Oh, I almost forgot (this event still gets me so excited), when we went to pick up my yarn and ribbons, it wasn’t displayed where it was previously. As my heart came up to my throat, the attendant saw it on a long wall. Little Daisy had also garnered herself the Barb Quinn memorial award from Vancouver Handspinners. It was fancy dinner for all that night.

We still miss our Daisy terribly and think we see and hear her. I feel blessed to have this skein of her, with or without the fabulous adventure.

Originally from Australia, Vicki Robinson lives in British Columbia, Canada, where she dreams of owning her own fiber flock in their condo. Ever-enabling husband Joe laughs and jokes that 6 long-haired chihuahas should suffice. They currently share their home with 3 rescue dogs, only one of which has longer hair, albeit like wire, perhaps hair for potscrubbers in his future! Vicki is on Ravelry as Vickistickis and is the originator of Sisterhood of Fun Ideas…and Other Great Stuff on Facebook and Etsy.

Reader Feature: Johanna Carter

We asked long-time PLY reader Johanna Carter a few questions about her spinning and crafting life.

Tell us a little bit about yourself and how you got started spinning.

I knit quite fast and wanted to slow my knitting down, as it is not so cheap to buy yarn, so I asked a friend to show me how to spin on a spindle. We only had a short time, and then she left me with a spindle and some fibre. The next day I ordered a small spindle, fibre, and Abby Franquemont’s Respect the Spindle.

The first fibre I spun was Merino and BFL. After 3 weeks, I finished making my first sweater from my handspun. I had no idea about plying or finishing the yarn; I just made balls of wool and knitted a sweater. Though now it is old, it is very soft, a little bit felted and pilling, but I still like it.

After spinning on a spindle for 6 months, I had made 3 sweaters, a cardigan for my husband, and lots of other things. That Christmas, my family gave me an Ashford Traditional double drive spinning wheel as a present.

Do you have a favorite type of yarn to spin?

My favorite fibre is Shetland. We even went to Shetland for a holiday! All the natural colors are just so nice, and I love to do Fair Isle and stranded knitting. I also like to work with soft yarns, such as Falkland, Rambouillet, alpaca, BFL, Chubut, cashmere, and silk.

What do you like to make with your handspun?

I love making soft sweaters I can wear next to my skin, tams, wristwarmers, and cowls, all with lots of color.

I knit without patterns, and I invent the sweaters as I knit. What I don’t like to do is follow a pattern or knit plain sweaters as I get bored too quickly.

How long have you been reading PLY?

When I started spinning in the summer of 2013, my friend left me a copy. I liked it so much that I ordered it and have all the issues from the beginning.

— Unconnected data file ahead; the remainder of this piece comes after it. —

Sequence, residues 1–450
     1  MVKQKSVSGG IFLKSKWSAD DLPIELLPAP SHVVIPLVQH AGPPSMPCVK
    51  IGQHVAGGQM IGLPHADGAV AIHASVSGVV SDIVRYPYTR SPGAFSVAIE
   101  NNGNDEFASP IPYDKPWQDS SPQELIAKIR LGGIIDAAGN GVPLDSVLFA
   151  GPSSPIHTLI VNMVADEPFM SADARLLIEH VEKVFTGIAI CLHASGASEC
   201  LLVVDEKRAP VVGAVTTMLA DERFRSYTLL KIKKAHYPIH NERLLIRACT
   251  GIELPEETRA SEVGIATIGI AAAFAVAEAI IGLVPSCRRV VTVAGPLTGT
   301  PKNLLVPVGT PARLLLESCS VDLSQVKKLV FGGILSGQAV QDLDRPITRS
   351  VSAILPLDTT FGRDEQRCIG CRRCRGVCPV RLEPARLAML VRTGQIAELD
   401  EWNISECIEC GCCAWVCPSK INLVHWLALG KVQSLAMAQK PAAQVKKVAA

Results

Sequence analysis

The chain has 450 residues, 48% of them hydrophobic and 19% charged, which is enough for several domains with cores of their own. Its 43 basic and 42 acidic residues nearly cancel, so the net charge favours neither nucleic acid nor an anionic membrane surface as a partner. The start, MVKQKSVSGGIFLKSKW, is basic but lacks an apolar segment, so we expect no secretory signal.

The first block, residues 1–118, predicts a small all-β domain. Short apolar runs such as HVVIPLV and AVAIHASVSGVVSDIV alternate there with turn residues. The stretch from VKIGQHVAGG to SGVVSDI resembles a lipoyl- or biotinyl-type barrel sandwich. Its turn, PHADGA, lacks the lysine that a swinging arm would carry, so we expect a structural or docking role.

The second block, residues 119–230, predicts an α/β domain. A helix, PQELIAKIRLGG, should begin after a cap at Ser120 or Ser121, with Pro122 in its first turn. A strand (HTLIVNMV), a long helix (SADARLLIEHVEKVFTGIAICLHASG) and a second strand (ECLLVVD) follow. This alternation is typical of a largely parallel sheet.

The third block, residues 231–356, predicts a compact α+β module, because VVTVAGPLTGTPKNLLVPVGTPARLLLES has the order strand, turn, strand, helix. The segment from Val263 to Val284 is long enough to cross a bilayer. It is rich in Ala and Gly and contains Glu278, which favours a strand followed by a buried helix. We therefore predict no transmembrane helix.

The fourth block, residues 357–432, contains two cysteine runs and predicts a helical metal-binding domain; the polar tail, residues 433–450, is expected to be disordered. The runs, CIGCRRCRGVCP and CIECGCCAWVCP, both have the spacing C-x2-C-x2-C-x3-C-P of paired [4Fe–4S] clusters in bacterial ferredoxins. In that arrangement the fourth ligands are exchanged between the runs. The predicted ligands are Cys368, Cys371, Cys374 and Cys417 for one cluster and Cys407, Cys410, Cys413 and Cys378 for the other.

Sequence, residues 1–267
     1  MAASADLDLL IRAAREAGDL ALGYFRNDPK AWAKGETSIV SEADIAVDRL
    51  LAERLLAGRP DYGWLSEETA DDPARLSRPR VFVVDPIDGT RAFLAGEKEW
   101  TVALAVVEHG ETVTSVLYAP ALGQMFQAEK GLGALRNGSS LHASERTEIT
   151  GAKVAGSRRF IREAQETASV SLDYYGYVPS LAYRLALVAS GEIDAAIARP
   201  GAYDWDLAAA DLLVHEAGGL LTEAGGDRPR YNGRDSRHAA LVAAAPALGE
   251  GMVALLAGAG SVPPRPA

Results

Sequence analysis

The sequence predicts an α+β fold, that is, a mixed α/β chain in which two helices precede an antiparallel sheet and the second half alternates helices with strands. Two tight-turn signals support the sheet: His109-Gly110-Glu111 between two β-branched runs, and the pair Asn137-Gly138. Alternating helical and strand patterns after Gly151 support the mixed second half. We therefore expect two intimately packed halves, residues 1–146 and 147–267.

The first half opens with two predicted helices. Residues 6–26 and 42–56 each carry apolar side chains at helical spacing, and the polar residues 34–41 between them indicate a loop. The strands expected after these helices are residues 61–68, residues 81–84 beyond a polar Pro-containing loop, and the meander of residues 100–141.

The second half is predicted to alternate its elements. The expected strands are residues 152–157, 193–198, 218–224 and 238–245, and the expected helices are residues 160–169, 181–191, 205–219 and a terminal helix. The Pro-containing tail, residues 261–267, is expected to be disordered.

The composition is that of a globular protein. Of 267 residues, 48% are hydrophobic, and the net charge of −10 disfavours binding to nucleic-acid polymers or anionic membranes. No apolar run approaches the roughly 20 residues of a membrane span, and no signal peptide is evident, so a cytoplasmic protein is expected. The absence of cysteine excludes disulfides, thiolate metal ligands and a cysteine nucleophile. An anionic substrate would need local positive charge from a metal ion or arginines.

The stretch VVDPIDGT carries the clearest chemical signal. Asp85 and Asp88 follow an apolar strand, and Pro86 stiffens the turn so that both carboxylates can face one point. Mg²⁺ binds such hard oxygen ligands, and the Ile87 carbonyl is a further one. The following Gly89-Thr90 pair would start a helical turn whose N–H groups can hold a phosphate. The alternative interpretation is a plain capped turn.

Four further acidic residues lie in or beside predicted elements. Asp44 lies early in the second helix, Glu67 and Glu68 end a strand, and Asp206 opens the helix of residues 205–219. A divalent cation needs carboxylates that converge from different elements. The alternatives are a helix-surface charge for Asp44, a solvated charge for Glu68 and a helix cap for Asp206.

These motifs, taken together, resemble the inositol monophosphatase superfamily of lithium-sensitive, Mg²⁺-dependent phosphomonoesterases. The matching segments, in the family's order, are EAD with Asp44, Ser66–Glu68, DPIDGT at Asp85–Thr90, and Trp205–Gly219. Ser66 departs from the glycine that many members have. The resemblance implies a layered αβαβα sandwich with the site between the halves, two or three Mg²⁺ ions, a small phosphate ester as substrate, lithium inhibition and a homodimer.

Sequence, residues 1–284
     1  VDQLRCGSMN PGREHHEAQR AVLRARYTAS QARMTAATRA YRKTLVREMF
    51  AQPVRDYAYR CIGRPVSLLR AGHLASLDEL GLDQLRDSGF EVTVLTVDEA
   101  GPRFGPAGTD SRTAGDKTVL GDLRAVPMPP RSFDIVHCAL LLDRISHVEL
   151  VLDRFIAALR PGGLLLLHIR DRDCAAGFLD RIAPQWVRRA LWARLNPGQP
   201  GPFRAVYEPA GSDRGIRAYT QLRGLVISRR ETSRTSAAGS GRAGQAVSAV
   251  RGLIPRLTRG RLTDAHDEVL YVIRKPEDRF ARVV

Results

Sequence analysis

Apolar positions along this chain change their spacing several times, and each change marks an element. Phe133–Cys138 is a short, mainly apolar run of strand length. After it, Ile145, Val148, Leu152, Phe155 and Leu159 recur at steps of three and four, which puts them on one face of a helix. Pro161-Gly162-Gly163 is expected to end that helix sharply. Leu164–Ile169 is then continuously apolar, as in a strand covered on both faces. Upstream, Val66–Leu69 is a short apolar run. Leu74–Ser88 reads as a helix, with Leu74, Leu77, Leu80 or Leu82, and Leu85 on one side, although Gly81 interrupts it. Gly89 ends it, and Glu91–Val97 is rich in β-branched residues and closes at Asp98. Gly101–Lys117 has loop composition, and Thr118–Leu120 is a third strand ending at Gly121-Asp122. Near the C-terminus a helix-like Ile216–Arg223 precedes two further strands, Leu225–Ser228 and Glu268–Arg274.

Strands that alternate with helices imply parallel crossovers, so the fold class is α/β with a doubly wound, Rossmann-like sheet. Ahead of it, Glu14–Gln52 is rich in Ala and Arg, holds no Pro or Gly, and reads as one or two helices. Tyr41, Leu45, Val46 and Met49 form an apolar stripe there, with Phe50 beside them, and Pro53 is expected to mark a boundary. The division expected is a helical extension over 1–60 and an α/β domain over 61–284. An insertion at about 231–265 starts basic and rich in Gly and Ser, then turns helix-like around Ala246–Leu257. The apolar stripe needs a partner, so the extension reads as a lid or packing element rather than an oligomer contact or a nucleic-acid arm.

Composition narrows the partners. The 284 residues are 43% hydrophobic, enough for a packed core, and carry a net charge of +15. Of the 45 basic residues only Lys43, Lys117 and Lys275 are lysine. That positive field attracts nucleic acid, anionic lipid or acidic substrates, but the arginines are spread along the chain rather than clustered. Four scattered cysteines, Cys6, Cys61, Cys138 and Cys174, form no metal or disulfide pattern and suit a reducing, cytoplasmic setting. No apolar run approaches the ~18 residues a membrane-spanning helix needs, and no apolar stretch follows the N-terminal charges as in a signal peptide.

What do you look forward to most when you get an issue?

I look forward to everything. I like to read about different sheep and their fleece or about spindles. I like the articles about history or different ways to spin. What I miss are the Stealth Reviews; for me they were really helpful. I loved the one about spindles, which is how I got to know Bosworth spindles, which are my favorites.

Tell us about a project you worked on that was inspired by an article, project or issue of PLY.

I made a sweater with natural dyes – madder, onion skins, rose petals, cochineal, and especially indigo – which I have not tried before.

The project started with carding different fibers and colors on my drumcarder.
I used mostly Falkland and blended it with a bit of grey Shetland, baby alpaca, and recycled Sari silk. I also blended different colors together to get various colors and shades; in total I worked with 24 different shades. I used traditional Fair Isle motifs but also made up a few. I knit the sweater from the top down, which is my preferred method.

For this project I learned a lot about blending and mixing fibre on my drumcarder; it was nice to see the colors transform into a new shade. I learned how to make a tweed yarn with the recycled Sari silk, which I like very much. The yarn I spun is very soft, and it has a bit of a halo because of the baby alpaca.

As I used lots of little balls of wool, I just spun small amounts and did a ply ball so I only needed one bobbin and there were no singles left over.

It is very difficult to pinpoint which issue or article inspired the project because I’ve learned so much from PLY and get so many ideas. I guess lots of articles about blending or color gave me inspiration for this project.

For more of Johanna’s projects, check out her Ravelry page: johannarichard

If you would like to participate in a reader feature, fill out the reader feature interest form.

We Need Photos of Your Spinning Hands!